#### 16.4.1.5 Elementwise Binary Operators

The elementwise binary operators require their operands to be matrices with the same dimensions. Alternatively, if one operand is a scalar, then its value is treated as if it were duplicated to the dimensions of the other operand. The result is a matrix of the same size as the operands, in which each element is the result of the applying the operator to the corresponding elements of the operands.

The elementwise binary operators are listed below.

• The arithmetic operators, for familiar arithmetic operations:
`+`

`-`

Subtraction.

`*`

Multiplication, if one operand is a scalar. (Otherwise this is matrix multiplication, described below.)

`/` or `&/`

Division.

`&*`

Multiplication.

`&**`

Exponentiation.

• The relational operators, whose results are 1 when a comparison is true and 0 when it is false:
`<` or `LT`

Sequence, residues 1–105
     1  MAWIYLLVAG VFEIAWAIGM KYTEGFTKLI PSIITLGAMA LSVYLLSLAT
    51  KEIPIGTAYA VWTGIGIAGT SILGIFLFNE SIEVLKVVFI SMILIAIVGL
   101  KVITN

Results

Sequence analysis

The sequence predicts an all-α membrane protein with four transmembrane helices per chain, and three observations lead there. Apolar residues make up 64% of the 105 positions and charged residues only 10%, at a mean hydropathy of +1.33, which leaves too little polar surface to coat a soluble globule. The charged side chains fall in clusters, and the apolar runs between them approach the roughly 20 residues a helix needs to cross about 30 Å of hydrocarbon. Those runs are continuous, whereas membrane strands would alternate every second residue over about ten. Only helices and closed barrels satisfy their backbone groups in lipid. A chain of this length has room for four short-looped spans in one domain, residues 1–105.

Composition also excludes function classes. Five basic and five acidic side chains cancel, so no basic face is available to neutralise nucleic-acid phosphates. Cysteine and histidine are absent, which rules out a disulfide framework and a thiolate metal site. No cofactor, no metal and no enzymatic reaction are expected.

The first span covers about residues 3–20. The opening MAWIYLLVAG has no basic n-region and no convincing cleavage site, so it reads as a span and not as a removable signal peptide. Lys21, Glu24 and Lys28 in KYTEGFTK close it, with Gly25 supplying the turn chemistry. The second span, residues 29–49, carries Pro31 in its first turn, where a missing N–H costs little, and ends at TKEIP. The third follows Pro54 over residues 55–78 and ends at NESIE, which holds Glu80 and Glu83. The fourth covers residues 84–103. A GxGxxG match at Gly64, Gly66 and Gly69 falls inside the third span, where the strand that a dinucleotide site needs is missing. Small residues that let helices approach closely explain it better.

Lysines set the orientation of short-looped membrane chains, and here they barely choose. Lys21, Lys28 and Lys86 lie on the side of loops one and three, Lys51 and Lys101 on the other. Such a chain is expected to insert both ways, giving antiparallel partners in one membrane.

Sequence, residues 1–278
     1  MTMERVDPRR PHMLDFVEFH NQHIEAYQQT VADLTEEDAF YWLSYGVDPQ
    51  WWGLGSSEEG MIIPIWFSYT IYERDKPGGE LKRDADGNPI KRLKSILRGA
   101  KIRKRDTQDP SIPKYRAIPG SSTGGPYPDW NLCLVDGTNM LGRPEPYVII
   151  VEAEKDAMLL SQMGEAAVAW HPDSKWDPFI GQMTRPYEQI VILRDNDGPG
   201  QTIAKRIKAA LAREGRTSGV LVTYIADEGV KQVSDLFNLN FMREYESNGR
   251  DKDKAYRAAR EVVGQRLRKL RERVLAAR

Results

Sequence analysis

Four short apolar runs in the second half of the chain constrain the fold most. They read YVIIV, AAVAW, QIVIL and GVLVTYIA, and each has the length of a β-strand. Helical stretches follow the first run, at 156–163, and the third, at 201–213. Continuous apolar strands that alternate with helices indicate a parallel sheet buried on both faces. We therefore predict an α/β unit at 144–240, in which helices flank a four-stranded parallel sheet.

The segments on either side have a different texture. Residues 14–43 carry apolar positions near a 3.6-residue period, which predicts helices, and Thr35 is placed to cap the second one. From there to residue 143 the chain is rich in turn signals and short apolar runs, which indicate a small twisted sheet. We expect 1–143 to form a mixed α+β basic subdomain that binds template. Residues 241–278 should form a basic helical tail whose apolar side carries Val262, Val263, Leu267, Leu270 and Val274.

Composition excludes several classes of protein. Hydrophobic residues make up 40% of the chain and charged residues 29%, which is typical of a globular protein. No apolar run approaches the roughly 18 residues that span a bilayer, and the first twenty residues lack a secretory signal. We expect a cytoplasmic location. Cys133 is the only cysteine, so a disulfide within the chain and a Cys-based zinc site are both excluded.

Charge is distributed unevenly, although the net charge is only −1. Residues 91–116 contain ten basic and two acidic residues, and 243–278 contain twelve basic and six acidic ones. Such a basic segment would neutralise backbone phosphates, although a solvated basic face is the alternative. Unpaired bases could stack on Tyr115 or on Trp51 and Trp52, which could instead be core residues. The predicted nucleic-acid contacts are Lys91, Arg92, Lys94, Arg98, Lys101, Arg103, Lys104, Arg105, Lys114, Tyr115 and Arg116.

Less than.

`<=` or `LE`

Less than or equal.

`=` or `EQ`

Equal.

`>` or `GT`

Greater than.

`>=` or `GE`

Greater than or equal.

`<>` or `~=` or `NE`

Not equal.

• The logical operators, which treat positive operands as true and nonpositive operands as false. They yield 0 for false and 1 for true:
`AND`

True if both operands are true.

`OR`

True if at least one operand is true.

`XOR`

True if exactly one operand is true.

Examples:

 `1 + 2` ⇒ `3` `1 + {3; 4}` ⇒ `{4; 5}` `{66, 77; 88, 99} + 5` ⇒ `{71, 82; 93, 104}` `{4, 8; 3, 7} + {1, 0; 5, 2}` ⇒ `{5, 8; 8, 9}` `{1, 2; 3, 4} < {4, 3; 2, 1}` ⇒ `{1, 1; 0, 0}` `{1, 3; 2, 4} >= 3` ⇒ `{0, 1; 0, 1}` `{0, 0; 1, 1} AND {0, 1; 0, 1}` ⇒ `{0, 0; 0, 1}`